United States v. 93.970 Acres of Land

PETITIONER: United States
RESPONDENT: 93.970 Acres of Land
LOCATION: Sherry Frontenac

DECIDED BY: Warren Court (1958-1962)
LOWER COURT: United States Court of Appeals for the Seventh Circuit

CITATION: 360 US 328 (1959)
ARGUED: May 21, 1959
DECIDED: Jun 22, 1959

Facts of the case


Media for United States v. 93.970 Acres of Land

Audio Transcription for Oral Argument - May 21, 1959 (Part 1) in United States v. 93.970 Acres of Land

Audio Transcription for Oral Argument - May 21, 1959 (Part 2) in United States v. 93.970 Acres of Land

Leonard R. Hartenfeld:

--the election of remedies issue and it isn't as simple as the Government's argument seems to -- might indicate.

First of all, if this Court is to -- does sustain our position on the lease, obviously, the election of remedies issue is no longer pertinent.

On the other hand, if this Court does not agree with our position on the lease then the election of remedy issue becomes of great importance to the condemnee.

Now, the facts in every case are important and it is pretty difficult to discuss general principles of law without saying, “What are the facts in the particular case?”

And therefore, on this argument of election of remedies, I would appreciate if this Court would start with the simple fundamental proposition that we are not in the position of squatters.

I don't know what the law is with reference to squatters but I do know that we held possession for seven and one-half years under color of a formal naval lease.

We operated the property and maintained that on behalf of the Navy and we did everything in compliance faithfully with that lease.

We think it's most unconscionable on the part of the Government to now seek to take advantage of the situation by taking two inconsistent positions, number one, that you don't have a title to this -- to the lease, under the lease.

Or number two, we're going to grab it anyhow regardless.

And I would like to show later in this argument how this works and will work a tremendous hardship upon all condemnees situated such as this lessee was situated if the Government's theory of this case on election of remedies is followed by this Court.

Prior to the case at bar, there are only four cases in the whole history of United States in which the right of the Government to contest title of the condemnee was an issue.

In all the other cases cited by the Government except the U.S. versus Turner and U.S. versus San Geronimo, in all the other cases, the issue of election of remedies was never made a part of the case so they weren't discussed in the case.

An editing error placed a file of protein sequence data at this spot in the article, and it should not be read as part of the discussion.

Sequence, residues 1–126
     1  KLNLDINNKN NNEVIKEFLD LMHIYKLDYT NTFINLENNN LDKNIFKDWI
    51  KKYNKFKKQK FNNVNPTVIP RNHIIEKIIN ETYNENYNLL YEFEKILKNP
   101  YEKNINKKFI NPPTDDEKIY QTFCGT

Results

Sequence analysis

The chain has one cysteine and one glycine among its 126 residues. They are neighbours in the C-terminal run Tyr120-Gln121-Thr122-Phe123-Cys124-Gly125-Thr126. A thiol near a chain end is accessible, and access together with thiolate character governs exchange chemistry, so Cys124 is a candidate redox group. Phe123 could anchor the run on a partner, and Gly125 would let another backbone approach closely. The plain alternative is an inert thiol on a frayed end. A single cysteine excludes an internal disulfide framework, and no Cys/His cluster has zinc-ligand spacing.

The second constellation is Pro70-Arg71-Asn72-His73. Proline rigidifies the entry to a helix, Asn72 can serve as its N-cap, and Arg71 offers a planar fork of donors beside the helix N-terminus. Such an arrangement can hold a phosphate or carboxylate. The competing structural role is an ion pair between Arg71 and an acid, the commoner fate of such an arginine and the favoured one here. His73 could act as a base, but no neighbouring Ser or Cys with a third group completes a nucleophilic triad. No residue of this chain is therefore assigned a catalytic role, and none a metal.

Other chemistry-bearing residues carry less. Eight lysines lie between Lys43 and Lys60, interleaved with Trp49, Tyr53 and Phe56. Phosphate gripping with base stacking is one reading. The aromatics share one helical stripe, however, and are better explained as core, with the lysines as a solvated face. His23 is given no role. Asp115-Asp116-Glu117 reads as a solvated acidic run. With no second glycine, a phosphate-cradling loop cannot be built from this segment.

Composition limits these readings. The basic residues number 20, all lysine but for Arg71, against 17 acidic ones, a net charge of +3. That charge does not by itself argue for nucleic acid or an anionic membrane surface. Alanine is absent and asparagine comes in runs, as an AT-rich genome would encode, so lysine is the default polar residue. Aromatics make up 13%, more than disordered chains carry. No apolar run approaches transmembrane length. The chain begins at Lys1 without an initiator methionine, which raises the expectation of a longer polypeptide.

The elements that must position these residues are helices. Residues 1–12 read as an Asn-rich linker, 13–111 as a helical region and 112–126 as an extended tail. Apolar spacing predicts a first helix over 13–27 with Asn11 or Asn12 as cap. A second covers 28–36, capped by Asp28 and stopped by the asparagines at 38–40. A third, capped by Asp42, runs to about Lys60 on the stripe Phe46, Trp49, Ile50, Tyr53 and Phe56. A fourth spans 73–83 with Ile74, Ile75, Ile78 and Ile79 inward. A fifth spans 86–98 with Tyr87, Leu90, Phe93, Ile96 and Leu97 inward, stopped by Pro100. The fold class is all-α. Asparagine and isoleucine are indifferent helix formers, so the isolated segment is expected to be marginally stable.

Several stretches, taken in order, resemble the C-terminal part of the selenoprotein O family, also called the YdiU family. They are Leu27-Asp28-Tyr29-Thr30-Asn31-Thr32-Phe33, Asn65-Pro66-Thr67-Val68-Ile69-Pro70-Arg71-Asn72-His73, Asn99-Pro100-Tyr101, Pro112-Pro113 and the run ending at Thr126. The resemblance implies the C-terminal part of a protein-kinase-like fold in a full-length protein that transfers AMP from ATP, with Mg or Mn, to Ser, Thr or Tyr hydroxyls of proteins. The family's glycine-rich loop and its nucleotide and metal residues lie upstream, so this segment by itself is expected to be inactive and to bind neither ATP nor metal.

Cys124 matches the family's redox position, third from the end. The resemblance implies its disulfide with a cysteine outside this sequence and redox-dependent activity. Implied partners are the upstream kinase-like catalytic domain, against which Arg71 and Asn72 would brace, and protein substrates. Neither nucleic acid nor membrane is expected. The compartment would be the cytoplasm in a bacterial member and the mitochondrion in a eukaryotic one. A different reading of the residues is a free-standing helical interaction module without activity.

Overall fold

Now, it is important to understand that a determination in our favor in this case will not in any way affect the governmental procedures that have been going out for years about title contest as between claimants to different funds.

And the Court of Appeals makes this distinction very clearly.

In fact because of the paucity of election on remedy cases such us ours where there was a title contest in the condemnation proceeding and the point was actually argued and decided since there are only four of those cases in the whole history of the country, the occasion can't arise very often and the possibilities of it arising hereafter again is very remote.

Therefore, when the Government argues expediency, justifies the result in this case, it is a fallacious argument.

Now, the Government relies U.S. versus Turner and U.S. versus San Geronimo Development Company, both of which held that the condemnee's title can be contested in a condemnation proceeding.

In other words, these two cases do support the Government's position.

The Turner case was decided in 1949 by the Fifth Circuit and the First Circuit decided the San Geronimo case in 1946.

On the other hand, interestingly enough, there are exactly two cases supporting our position and the Court of Appeals below.

One was U.S. versus Chicago B & Q. Railroad decided by the Seventh Circuit back in very early days and U.S. versus 1148 of Acres decided by the Fifth Circuit in 1954.

U.S. versus 11 Acres is an election of remedies case saying that you cannot contest title in a condemnation proceeding.

You cannot test the title of the condemnee in a condemnation proceeding.

It directly overrules the holding in U.S. versus Turner which is relied upon by the Government and which was decided it by the same Fifth Circuit, seven or so years before.

Now, it overrules the Turner case, it doesn't refer to the Turner case.

But the net result is that it overrules that there's any doubt about it.

And the Turner case and -- and -- pardon me.

In the U.S. versus 11 Acres as cited by the Court of Appeals as one of the federal cases, the Court of Appeals below, as one of the federal cases establishing a federal law of this country to be, that you cannot contest title in a condemnation proceeding.

Now, the net result is that the Government in this case has only the old San Geronimo case to rely upon as far as what the Court of Appeals below has done.

The San Geronimo case, the Court in that case and there's no evidence if the parties really brought up the election of remedies point, in that decision, from reading it as, that may very well have been that the judge just passingly said that this is a hybrid proceeding justified only by the peculiar circumstances.